A New Study Suggests a Possible Disease Vector: Germy Dust
Since the pandemic’s beginning, scientists have argued over how respiratory viruses can spread
For the past few years, up until the pandemic hit, Bill Ristenpart, a chemical engineer at UC Davis (and next-level coffee geek), had been bringing a team of researchers and crates of expensive instruments across the country each summer to New York City and into the lab of Nicole Bouvier. An infectious disease physician and researcher at Mount Sinai Hospital, Bouvier studies respiratory viruses, influenza A in particular. Ristenpart’s specialty is fluid dynamics. In the case of flu, that means measuring how physical properties like temperature, humidity, and wind speed change the flight of the respiratory bloblets that fly out of human and rodent noses and mouths. Together, with dozens of guinea pigs and nearly $2 million from the National Institutes of Health, they hoped to figure out a century-old mystery: Why is there a flu season?
That, they still don’t know. Instead, their work has turned up compelling evidence that some respiratory viruses, at least in lab animals, don’t always travel through liquid droplets, the way scientists have long assumed. Infected guinea pigs don’t just breathe or sneeze out bits of influenza. They can actually launch infectious particles into the air from their fur, paws, and cages.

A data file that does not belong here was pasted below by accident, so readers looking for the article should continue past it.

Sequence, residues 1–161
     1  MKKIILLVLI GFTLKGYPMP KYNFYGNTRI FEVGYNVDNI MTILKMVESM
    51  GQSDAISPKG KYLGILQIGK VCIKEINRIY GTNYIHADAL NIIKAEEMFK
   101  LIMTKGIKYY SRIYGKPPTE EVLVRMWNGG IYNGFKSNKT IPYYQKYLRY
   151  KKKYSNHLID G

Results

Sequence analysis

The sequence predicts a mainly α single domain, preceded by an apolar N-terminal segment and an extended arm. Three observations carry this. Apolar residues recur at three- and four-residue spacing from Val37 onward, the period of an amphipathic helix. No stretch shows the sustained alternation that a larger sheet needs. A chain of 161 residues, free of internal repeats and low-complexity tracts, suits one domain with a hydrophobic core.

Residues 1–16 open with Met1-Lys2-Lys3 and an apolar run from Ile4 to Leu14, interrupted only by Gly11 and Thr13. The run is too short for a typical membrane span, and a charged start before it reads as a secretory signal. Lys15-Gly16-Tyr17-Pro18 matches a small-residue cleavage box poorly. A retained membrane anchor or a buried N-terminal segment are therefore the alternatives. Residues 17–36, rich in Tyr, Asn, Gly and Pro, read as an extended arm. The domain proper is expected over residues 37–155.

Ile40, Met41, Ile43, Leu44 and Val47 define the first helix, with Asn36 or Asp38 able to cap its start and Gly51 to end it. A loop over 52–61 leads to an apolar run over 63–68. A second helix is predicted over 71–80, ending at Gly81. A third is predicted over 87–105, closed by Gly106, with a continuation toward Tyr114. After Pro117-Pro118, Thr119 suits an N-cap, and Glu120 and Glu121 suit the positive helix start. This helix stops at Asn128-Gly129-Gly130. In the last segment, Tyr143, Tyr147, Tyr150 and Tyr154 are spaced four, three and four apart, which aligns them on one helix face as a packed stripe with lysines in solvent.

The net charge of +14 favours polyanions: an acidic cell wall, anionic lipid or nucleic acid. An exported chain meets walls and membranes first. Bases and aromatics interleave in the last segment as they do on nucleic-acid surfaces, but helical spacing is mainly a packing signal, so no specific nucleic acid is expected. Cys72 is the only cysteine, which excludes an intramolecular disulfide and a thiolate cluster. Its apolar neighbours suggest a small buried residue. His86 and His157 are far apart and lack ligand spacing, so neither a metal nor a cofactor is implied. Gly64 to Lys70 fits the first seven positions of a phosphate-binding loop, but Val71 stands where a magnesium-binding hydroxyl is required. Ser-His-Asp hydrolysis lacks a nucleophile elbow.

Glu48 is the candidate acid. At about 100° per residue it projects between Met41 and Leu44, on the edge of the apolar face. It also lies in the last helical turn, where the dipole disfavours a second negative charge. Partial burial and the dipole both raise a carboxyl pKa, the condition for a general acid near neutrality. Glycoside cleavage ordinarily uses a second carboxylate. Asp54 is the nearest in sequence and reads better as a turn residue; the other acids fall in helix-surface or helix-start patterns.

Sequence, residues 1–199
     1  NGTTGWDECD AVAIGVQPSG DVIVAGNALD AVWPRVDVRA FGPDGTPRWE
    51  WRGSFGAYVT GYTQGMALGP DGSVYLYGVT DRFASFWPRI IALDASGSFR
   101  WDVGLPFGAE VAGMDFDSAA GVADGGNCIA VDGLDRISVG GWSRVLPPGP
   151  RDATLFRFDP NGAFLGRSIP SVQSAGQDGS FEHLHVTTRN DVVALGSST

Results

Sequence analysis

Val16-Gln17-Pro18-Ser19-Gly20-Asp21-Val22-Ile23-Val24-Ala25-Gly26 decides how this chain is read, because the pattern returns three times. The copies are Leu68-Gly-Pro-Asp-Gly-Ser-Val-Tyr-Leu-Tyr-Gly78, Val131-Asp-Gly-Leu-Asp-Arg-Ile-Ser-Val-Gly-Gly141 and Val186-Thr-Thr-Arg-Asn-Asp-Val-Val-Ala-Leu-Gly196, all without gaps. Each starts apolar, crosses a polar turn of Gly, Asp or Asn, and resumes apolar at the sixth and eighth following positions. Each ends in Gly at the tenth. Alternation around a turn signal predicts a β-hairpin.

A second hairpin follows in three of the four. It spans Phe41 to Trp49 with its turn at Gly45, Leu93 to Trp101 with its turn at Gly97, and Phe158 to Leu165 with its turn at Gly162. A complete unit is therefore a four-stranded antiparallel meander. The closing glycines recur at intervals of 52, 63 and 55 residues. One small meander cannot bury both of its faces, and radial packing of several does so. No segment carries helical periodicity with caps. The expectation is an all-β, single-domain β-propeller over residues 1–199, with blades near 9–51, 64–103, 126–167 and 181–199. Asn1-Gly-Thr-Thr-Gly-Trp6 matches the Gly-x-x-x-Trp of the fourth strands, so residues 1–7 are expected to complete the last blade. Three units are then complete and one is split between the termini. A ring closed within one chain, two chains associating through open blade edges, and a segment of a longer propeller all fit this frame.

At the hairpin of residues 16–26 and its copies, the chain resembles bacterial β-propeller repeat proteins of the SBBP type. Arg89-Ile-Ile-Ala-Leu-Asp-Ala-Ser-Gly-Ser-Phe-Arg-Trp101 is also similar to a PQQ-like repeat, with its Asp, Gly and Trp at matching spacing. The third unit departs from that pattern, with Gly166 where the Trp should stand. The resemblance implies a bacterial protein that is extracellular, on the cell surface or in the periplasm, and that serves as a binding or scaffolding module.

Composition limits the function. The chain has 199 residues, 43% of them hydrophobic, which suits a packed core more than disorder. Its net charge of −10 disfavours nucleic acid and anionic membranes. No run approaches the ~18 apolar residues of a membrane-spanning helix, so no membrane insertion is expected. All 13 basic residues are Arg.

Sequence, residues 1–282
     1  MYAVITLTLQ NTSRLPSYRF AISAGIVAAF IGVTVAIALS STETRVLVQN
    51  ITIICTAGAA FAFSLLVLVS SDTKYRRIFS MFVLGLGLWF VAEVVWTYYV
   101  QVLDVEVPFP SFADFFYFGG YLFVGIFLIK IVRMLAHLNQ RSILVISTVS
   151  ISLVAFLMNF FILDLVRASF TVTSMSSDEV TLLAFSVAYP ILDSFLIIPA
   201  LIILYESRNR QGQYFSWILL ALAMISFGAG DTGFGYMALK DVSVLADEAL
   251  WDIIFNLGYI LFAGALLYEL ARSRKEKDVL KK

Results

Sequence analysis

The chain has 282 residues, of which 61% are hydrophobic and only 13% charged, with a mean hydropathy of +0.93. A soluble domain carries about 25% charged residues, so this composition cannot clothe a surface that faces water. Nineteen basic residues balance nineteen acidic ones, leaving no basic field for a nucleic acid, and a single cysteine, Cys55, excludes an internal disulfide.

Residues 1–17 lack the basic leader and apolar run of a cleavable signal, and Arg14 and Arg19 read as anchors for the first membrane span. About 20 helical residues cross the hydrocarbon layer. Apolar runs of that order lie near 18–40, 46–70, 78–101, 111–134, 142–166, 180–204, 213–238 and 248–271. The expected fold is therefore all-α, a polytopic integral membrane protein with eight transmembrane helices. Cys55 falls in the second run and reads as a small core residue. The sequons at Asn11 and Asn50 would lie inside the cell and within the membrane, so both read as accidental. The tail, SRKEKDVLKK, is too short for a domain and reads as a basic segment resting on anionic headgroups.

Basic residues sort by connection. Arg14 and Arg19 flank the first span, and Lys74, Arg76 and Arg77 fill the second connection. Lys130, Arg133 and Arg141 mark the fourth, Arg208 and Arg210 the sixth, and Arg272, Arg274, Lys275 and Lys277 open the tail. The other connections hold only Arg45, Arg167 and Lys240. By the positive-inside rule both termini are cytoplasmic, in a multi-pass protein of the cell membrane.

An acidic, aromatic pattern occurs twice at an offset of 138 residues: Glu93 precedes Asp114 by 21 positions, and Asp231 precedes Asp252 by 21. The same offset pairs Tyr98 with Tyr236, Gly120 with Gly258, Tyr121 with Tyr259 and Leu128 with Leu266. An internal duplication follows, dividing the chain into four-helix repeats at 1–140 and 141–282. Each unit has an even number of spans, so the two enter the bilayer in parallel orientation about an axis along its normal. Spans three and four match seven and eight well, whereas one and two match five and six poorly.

Remember “fomites,” those germ deposits on surfaces that led to so much hand-washing and hand-wringing over face-touching during the early days of the pandemic? Well, sometimes, rather than settling on large objects like tables and cell phones, germs stick to the surfaces of solids that are so tiny you can’t even see them, like microscopic fibers, dead skin cells, and dust. Those minuscule solids can later get kicked up into the air. When they do, Bouvier and Ristenpart call them “aerosolized fomites.” And according to their research, these germy particles can make other animals sick. In fact, in their latest study, aerosolized fomites appeared to be the primary way their guinea pigs passed around the flu.
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